A (Not-So) Formal Notice
That’s right. I quit. As that old hilariously depressing piece of writerly advice goes, “If you can quit, you should quit.”
Well, I did. Stick that in your vape pen and smoke it, you self-righteous, know-it-all hipster.
Want the truth? Let’s talk truth.
I spent three years writing a book on contract, a book I sold on passion over substance, a book I thought was sure to be a hit from here to hell and highwater beyond. I’d been struggling at this writing gig for over a decade at that point, and this finally seemed to be my break. Scored a five-figure advance that I dropped on a suped-up, hot-rodded…uhh…Kia Rio…inside which I almost died when colliding with a 12-pound fawn on a snowy New Hampshire backroad during a pitch-black, winter evening’s commute home from my big boy job at a flailing digital marketing agency that catered to businesses around the same size as the baby deer I’d struck with my baby car.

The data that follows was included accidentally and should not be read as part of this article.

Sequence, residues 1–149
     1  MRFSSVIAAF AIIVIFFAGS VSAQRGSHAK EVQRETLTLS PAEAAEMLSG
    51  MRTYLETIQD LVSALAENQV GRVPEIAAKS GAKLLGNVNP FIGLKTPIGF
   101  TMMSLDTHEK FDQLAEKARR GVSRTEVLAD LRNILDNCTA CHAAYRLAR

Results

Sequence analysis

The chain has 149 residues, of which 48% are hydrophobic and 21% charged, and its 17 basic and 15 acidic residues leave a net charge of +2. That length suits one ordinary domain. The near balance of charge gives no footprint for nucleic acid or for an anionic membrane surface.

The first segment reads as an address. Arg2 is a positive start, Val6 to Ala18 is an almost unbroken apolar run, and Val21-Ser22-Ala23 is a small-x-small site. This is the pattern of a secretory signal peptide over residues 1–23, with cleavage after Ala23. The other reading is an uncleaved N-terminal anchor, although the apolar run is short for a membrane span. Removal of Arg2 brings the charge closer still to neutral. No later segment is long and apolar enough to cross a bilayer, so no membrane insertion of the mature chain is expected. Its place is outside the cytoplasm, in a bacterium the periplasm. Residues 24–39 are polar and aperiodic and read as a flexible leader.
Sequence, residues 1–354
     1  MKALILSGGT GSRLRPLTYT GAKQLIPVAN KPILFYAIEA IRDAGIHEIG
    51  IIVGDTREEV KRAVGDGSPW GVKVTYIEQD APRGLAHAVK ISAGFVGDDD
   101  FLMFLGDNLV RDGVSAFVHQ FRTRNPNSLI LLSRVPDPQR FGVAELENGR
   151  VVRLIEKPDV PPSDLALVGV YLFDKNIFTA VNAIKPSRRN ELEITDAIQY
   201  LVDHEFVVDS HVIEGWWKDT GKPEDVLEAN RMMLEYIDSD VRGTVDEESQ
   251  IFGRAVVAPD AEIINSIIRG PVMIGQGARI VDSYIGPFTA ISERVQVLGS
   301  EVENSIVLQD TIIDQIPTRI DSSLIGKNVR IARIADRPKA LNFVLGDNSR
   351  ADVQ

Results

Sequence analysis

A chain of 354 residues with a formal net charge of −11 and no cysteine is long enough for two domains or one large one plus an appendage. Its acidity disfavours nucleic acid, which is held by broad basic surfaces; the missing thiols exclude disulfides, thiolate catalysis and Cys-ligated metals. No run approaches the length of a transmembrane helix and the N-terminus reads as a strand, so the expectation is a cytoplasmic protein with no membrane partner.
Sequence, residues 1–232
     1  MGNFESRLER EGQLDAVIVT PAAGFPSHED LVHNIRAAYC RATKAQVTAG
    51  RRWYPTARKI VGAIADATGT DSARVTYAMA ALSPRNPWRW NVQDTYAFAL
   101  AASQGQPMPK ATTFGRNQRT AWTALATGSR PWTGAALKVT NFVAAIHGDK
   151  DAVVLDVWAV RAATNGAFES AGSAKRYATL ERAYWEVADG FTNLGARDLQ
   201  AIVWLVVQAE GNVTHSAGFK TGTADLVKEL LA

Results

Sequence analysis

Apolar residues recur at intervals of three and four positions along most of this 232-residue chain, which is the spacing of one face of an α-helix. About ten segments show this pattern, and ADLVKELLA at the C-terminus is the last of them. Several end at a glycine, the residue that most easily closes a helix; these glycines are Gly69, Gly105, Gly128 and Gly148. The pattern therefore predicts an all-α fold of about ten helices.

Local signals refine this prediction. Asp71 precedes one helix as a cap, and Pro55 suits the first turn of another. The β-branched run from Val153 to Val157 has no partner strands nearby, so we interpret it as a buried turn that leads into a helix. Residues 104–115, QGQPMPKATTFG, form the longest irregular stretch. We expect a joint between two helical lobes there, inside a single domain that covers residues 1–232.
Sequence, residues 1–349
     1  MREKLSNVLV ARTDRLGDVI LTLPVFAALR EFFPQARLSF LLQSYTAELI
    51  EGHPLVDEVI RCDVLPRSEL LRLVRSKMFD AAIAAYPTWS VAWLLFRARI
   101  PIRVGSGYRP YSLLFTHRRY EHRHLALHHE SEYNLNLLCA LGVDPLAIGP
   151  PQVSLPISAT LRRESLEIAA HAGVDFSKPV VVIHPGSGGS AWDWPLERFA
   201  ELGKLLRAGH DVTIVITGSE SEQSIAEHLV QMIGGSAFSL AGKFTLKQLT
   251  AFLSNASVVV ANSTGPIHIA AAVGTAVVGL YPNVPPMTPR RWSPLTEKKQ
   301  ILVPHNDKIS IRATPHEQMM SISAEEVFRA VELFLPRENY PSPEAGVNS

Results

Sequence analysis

It wasn’t my first book (wasn’t even my second or third), nor was it my first instance of car-on-deer violence. Or should I say deer-on-car violence, as it’s a pretty safe bet that the creature fared far better than the tin can I was driving. There’s a saying in these parts that you haven’t really arrived until you’ve hit two deer with two different vehicles.
Well, I’d officially arrived, both as a professional writer and as a New Hampshire-ite.
I was that kid in school who argued with his teachers, who crossed his arms and tossed his too-long hair and got all snotty and defiant when Mrs. Robinson in English 301 said it was impossible to make a living as a writer or a rock star or whatever my flight of fancy was that particular week. I played that gloriously naive and rebellious role fairly well all the way through undergrad and grad school, still refusing to accept the truth – then as a balding, late-starter some ten years older than the other students in my classes – when my mentors would say things like, “Don’t expect to make money as a writer. You get a degree to teach, and you write on the side for fun.”